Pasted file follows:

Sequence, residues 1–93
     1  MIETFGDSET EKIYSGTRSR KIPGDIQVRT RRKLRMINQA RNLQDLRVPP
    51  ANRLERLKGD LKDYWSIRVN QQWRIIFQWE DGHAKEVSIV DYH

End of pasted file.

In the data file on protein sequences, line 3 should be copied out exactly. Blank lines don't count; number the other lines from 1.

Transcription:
    51  ANRLERLKGD LKDYWSIRVN QQWRIIFQWE DGHAKEVSIV DYH